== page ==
Cryptology ePrint Archive: Report 2019/174

Exponential Lower Bounds for Secret Sharing

Kasper Green Larsen and Mark Simkin

Abstract: A secret sharing scheme allows a dealer to distribute shares of a secret among a set of $n$ parties $P=\{p_1,\dots,p_n\}$ such that any authorized subset of parties can reconstruct the secret, yet any unauthorized subset learns nothing about it. The family $\mathcal{A} \subseteq 2^P$ of all authorized subsets is called the access structure. Classic results show that if $\mathcal{A}$ contains precisely all subsets of cardinality at least $t$, then there exists a secret sharing scheme where the length of the shares is proportional to $\lg n$ bits plus the length of the secret. However, for general access structures, the best known upper bounds have shares of length exponential in $n$, whereas the strongest lower bound shows that the shares must have length at least $n/\log n$. Beimel conjectured that the exponential upper bound is tight, but proving it has so far resisted all attempts. In this paper, we almost prove Beimel's conjecture by showing that there exists an access structure $\mathcal{A}$, such that any secret sharing scheme for $\mathcal{A}$ must have either exponential share length, or the function used for reconstructing the secret by authorized parties must have an exponentially long description. As an example corollary, we conclude that if one insists that authorized parties can reconstruct the secret via a constant fan-in boolean circuit of size polynomial in the share length, then there exists an access structure that requires a share length that is exponential in $n$.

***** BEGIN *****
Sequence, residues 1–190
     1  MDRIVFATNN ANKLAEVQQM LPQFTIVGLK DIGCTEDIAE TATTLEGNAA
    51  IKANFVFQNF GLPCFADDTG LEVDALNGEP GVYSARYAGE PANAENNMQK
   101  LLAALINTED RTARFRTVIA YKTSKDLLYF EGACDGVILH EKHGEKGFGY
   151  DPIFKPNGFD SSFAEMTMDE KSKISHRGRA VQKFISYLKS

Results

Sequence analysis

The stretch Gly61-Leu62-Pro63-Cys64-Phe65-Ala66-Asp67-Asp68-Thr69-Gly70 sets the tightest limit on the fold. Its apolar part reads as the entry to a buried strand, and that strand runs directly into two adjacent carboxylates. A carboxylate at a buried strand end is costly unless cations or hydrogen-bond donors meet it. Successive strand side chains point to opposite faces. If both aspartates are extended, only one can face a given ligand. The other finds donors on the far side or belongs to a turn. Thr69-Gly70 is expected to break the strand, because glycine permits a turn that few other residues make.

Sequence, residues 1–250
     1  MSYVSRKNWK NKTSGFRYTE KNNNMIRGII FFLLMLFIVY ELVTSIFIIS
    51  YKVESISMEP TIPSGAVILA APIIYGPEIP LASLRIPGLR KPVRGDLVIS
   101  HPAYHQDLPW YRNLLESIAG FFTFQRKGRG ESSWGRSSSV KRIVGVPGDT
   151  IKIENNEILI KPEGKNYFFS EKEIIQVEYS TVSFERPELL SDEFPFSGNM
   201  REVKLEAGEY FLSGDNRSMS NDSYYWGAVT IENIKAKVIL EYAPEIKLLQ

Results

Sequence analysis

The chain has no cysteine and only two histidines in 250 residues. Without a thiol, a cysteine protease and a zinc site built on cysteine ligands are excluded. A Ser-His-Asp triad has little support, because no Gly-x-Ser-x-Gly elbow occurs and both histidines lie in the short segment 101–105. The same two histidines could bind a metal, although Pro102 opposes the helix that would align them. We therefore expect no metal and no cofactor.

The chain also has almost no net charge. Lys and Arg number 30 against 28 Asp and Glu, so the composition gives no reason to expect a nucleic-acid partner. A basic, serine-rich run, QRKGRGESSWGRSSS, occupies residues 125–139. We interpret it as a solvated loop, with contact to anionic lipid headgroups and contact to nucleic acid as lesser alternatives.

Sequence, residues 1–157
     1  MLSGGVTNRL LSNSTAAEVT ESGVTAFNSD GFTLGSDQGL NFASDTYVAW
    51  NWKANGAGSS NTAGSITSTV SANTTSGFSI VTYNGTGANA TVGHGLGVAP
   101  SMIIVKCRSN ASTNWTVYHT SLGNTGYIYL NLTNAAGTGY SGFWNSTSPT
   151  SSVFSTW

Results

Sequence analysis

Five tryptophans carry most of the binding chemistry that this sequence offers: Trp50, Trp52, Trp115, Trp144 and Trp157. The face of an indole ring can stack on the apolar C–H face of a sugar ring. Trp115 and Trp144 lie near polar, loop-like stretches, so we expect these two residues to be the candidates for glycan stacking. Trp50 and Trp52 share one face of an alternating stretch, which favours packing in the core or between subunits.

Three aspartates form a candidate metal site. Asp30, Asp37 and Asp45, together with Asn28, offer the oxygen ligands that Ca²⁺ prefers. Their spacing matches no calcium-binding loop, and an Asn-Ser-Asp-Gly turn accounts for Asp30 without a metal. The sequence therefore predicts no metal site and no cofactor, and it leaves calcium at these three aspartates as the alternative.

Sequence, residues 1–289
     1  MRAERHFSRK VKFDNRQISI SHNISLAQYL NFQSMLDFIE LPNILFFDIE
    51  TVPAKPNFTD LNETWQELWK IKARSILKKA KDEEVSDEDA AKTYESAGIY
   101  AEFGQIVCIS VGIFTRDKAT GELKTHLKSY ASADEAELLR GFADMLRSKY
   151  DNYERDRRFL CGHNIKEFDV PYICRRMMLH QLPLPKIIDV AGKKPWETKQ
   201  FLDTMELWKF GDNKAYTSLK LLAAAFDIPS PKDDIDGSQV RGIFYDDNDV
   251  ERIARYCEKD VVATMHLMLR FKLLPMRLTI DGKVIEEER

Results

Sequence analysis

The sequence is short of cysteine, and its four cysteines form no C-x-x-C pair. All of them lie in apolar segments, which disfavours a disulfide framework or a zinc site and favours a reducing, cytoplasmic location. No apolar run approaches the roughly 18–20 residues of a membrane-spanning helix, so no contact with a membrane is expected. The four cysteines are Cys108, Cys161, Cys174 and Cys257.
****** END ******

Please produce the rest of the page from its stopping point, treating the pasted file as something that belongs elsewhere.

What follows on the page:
Category / Keywords: foundations / Secret Sharing, Lower Bound

Date: received 18 Feb 2019

Contact author: larsen at cs au dk,simkin@cs au dk

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Version: 20190226:025851 (All versions of this report)

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